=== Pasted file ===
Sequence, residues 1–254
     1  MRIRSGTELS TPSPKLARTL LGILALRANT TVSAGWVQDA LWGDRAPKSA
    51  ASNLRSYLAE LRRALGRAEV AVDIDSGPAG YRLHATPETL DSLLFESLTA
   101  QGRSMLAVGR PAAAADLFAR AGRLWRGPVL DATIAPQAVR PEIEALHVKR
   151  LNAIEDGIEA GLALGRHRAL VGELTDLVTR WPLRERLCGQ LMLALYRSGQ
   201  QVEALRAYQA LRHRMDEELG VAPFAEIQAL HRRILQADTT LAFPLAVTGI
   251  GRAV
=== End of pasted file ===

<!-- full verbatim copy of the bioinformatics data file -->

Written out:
Sequence, residues 1–254
     1  MRIRSGTELS TPSPKLARTL LGILALRANT TVSAGWVQDA LWGDRAPKSA
    51  ASNLRSYLAE LRRALGRAEV AVDIDSGPAG YRLHATPETL DSLLFESLTA
   101  QGRSMLAVGR PAAAADLFAR AGRLWRGPVL DATIAPQAVR PEIEALHVKR
   151  LNAIEDGIEA GLALGRHRAL VGELTDLVTR WPLRERLCGQ LMLALYRSGQ
   201  QVEALRAYQA LRHRMDEELG VAPFAEIQAL HRRILQADTT LAFPLAVTGI
   251  GRAV